The Best Food Markets in NYC

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Selwyn
8. November 2019
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These days NYC is filled with never-ending skyscrapers, full sidewalks, and streets filled with honking taxis. There’s always something going on all over New York, especially in Midtown, Manhattan. This part of the city attracts countless tourists daily to some of New York City’s finest attractions such as the Empire State Building and the Chrysler Building. With so many sightseeing opportunities, you need to know where to find the best eats, and that’s where food markets in NYC come in.

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You can either go to one of the city’s many fine restaurants or to one of the many food markets. If you can’t decide what you want to eat, then a food market is the perfect place to go to. What I like about these spots is the combination of brilliant vendors, great design, and very good food. The food is from all over as well, from street vendors to high-end food. This list will inform you of the best food markets in New York City.

1. EATALY at One World Trade Center & Flatiron

visitors eating and drinking

A really great food market in NYC is EATALY, which is made up of EAT (Essen) and Italy (Italy). As you can see, it’s all about Italian food. If you’re near Madison Square Park and Flatiron, look no further and check out the EATALY in the area. There are 4 small restaurants and the espresso is amazing. Then there is a second branch at the 9/11 Memorial with a direct view of the One World Trade Center. We visited both and both were great.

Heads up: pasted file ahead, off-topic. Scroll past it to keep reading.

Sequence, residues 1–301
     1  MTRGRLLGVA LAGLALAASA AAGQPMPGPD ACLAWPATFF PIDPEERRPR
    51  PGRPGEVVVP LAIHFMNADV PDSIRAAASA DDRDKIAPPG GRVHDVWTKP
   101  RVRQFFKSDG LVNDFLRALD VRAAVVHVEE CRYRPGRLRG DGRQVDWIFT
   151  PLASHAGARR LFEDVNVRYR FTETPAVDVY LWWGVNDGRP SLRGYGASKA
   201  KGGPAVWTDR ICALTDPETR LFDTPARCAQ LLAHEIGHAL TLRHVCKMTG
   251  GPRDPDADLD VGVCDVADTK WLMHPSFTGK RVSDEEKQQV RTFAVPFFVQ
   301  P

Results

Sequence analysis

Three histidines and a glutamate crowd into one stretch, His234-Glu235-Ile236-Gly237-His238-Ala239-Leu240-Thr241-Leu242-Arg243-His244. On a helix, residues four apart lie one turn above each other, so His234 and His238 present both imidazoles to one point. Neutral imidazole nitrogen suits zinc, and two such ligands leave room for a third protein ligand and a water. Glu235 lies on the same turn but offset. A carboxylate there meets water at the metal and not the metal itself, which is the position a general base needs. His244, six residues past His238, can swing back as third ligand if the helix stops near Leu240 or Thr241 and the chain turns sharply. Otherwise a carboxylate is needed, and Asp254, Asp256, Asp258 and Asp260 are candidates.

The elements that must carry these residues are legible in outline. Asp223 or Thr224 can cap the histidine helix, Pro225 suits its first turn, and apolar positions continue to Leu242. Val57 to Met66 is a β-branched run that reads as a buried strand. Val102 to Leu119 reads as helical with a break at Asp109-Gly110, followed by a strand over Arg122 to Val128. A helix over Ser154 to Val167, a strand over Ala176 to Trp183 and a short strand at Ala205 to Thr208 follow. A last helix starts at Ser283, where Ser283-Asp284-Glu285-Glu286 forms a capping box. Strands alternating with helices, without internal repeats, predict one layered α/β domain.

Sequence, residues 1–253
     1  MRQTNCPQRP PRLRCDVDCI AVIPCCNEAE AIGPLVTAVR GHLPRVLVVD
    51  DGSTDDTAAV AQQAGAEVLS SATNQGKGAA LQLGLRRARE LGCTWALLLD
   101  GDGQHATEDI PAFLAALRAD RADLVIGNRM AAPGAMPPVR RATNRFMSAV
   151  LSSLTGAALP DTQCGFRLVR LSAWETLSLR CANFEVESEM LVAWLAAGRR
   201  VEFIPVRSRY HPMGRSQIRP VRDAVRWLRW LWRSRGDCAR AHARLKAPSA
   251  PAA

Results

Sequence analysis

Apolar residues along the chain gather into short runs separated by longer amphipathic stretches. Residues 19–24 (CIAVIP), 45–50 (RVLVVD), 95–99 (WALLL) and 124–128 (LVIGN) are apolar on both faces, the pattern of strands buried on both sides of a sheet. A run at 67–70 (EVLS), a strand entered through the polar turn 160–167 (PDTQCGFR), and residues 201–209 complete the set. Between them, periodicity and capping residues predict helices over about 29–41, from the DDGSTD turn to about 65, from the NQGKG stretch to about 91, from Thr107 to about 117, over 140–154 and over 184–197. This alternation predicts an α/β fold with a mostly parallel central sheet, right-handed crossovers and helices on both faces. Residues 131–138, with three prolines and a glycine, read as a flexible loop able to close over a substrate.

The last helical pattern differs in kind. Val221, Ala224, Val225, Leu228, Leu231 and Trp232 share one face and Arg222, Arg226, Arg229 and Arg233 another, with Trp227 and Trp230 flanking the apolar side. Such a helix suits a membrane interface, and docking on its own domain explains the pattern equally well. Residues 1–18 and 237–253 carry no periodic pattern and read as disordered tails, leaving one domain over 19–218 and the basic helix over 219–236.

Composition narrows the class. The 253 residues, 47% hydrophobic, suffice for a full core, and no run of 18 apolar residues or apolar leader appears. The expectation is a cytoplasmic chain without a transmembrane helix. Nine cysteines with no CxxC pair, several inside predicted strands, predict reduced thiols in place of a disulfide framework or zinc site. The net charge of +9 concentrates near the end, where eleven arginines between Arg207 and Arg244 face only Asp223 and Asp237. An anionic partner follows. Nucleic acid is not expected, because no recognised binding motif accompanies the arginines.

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2. Mercado Little Spain at Hudson Yards

Mercado Little Spain
This NYC food hall at Hudson Yards is a concept space created by Chef José Andrés, focusing on Spanish cuisine (as the name suggests). At Mercado Little Spain you can either buy Spanish food, eat at one of the many food vendors or dine in the three restaurants. After you’re done shopping at Hudson Yards, this food hall is the perfect spot to go to.
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3. Chelsea Market in the Meatpacking District

Chelsea Market
Hardly any other city in the world has as much food to offer as New York City. It’s known as the melting pot of a wide range of cuisines around the globe. Chelsea Market offers its guests many options when it comes to food and is considered one of the best food markets in NYC.

The building was once a biscuit factory and was the place where Oreos were invented. Today you will find bakeries, wine merchants, a fish shop, sushi bars, a butcher’s shop with a steak restaurant and much more.
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4. Smorgasburg Food Market in Williamsburg

Smorgasburg in Williamsburg
Williamsburg’s Smorgasburg Food Market is one of New York City’s popular open-air food markets, which open up during the warmer months. Here you can eat, drink and enjoy views of the Manhattan skyline on the East River Waterfront. Smorgasburg means “a mix of food” and offers a huge selection of small stalls that offer the most delicious delicacies from the area.

Meanwhile, the Smorgasburg Food Markets are also available at Hudson Yards, World Trade Center and Prospect Park in Brooklyn. During the winter, Smorgasburg opens up on 25 Kent Ave in Williamsburg. 2019 is the first year in this location.
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5. DeKalb Market Hall in Brooklyn

Dekalb Food Hall